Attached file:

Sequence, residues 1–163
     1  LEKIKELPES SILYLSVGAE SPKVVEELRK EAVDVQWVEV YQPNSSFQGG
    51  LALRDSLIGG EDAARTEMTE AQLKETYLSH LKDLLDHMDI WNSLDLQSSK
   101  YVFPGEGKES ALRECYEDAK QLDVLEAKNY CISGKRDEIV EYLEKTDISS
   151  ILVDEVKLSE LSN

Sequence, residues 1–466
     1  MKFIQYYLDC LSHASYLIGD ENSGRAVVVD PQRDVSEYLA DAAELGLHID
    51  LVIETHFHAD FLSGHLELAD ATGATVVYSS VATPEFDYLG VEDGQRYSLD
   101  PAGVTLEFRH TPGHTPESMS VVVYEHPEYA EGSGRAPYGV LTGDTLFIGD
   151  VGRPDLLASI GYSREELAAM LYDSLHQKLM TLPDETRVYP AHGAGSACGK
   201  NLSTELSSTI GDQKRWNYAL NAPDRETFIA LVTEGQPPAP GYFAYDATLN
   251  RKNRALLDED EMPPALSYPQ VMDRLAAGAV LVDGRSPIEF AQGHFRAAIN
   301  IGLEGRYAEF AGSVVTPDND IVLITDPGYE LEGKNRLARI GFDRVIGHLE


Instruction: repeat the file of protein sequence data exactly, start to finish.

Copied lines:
Sequence, residues 1–163
     1  LEKIKELPES SILYLSVGAE SPKVVEELRK EAVDVQWVEV YQPNSSFQGG
    51  LALRDSLIGG EDAARTEMTE AQLKETYLSH LKDLLDHMDI WNSLDLQSSK
   101  YVFPGEGKES ALRECYEDAK QLDVLEAKNY CISGKRDEIV EYLEKTDISS
   151  ILVDEVKLSE LSN

Sequence, residues 1–466
     1  MKFIQYYLDC LSHASYLIGD ENSGRAVVVD PQRDVSEYLA DAAELGLHID
    51  LVIETHFHAD FLSGHLELAD ATGATVVYSS VATPEFDYLG VEDGQRYSLD
   101  PAGVTLEFRH TPGHTPESMS VVVYEHPEYA EGSGRAPYGV LTGDTLFIGD
   151  VGRPDLLASI GYSREELAAM LYDSLHQKLM TLPDETRVYP AHGAGSACGK
   201  NLSTELSSTI GDQKRWNYAL NAPDRETFIA LVTEGQPPAP GYFAYDATLN
   251  RKNRALLDED EMPPALSYPQ VMDRLAAGAV LVDGRSPIEF AQGHFRAAIN
   301  IGLEGRYAEF AGSVVTPDND IVLITDPGYE LEGKNRLARI GFDRVIGHLE